We will leave aside the rather alarming revelation that a director of the national development agency actually thinks local people really were expecting flocks of the big leggy pink chaps suddenly to descend on yon Bonnie Banks.
More prosaically, there is not a shred of evidence that anyone ever said this.
Nick Kempe, founder of the conservation group Parks Watch, has been appalled at how Scottish Enterprise and the Loch Lomond and Trossachs National Park Association between them are permitting juicy parcels of land around Loch Lomond to be flogged off to private concerns.
In a letter sent to Mr McQuade last week Mr Kempe asked for clarification around the director’s claim that “the Riverside Site at Balloch is a brownfield site” when it is in fact a park.
The campaigner also asks the agency to declare whether or not it supports the Scottish Government’s commitment to empower communities, as set out by the First Minister in her Programme For Government in September.
“If so, why once again are you seeking to develop and sell off the Riverside Site without any consultation or agreement from the local community or communities of interest and without giving them or the National Park Authority an opportunity to take over the land”.
The role of Loch Lomond and the Trossachs National Park, the authority tasked with managing this area, has also come under scrutiny.
First Minister Nicola Sturgeon opts for a “selfie” with Save Loch Lomond campaigners at an event in her Govan constituency in Glasgow, ging the impression they have SNP government support.
Alannah Maurer of Save Loch Lomond believes the LLTNP “sit behind a veil of anonymity and unaccountability”. The park authority has 17 board members, of which only five are elected by the public who live within the park boundaries.
The remainder are “appointed” by various bodies including the Scottish Government. Unlike the Cairngorms park authority which publishes the names and contact emails and phone numbers of their planning board members, Loch Lomond and the Trossachs do not.
Gordon Watson, chief executive of Loch Lomond & The Trossachs National Park Authority, said: “Environmental impact assessments are not required for every application and a rigorous screening process is carried out to determine when this is needed.
“The screening process for the Hunter Foundation application, undertaken by the Authority, concluded an assessment was not required. The decision to appoint Flamingo Land as preferred bidder for the West Riverside site was made by Scottish Enterprise alone.”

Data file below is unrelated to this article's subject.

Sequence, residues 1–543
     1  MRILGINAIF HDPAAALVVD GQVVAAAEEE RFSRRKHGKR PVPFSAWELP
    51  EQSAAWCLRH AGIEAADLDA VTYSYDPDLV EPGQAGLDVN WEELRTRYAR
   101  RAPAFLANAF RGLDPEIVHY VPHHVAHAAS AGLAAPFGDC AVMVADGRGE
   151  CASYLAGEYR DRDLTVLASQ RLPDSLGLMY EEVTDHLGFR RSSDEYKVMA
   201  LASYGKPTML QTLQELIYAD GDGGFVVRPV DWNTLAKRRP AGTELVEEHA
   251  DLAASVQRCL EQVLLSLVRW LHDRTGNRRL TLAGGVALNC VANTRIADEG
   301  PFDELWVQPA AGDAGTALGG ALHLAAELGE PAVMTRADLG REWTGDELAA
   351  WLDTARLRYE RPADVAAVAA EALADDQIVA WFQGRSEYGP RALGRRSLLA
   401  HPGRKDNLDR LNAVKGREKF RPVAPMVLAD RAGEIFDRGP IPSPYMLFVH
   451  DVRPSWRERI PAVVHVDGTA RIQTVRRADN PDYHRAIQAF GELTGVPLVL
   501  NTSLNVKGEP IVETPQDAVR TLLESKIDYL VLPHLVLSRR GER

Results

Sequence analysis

Among the stated aims of LLTNP is a commitment to “protect and promote the natural and cultural heritage of the area”. Alannah Maurer is scornful of this and says: “Approval of any subsequent plan will create an irrevocable precedent for other large-scale developments along the loch shore.
“The Scottish Government and its public bodies should lead the way in ensuring the land remains in public ownership and is developed in agreement with the community in an environmentally sustainable way.
“Thus it would benefit the public and not a private company interested only in private profit.”
Later this year, just 26 miles from these shores, Glasgow will host COP26, the world’s starriest climate change gathering.
Some of the delegates will want to visit this world-renowned loch. The Scottish Government and its agencies might then have some explaining to do.
Protest meeting against Flamingo Land in Balloch – Cllr Jim Bollan, Jackie Baillie, Nick Kempe, Rory MacLeod, Ross Greer and Maurice Corry.  Picture by Bill Heaney

One comment

  1. More Tory than the Tories the plan to sell of the land at Loch Lomond to a property developer for a secret but understood to be chicken feed sum is back on the cards and with the blessing of the Scottish Government.

    And when asked by officials in a public session at the WDC headquarters why they had to own the land a representative of the Flamingo Land group of companies responded that taking it ownership of the national Park land was just “ how their business model work “

    Well get this the New Yellow Tories who want to sell off National Park land there are many people ready to resist this outrageous sell off. Nearly 100,000 are against the sell off. And if the New Yellow Tory Candidate thinks he’s going to take a seat in May supporting this he has another thing coming.

    The National Park is not a corporate Real Estate business for real estate prospectors and the Scottish Government are signing their political death warrant if they continue to think it is.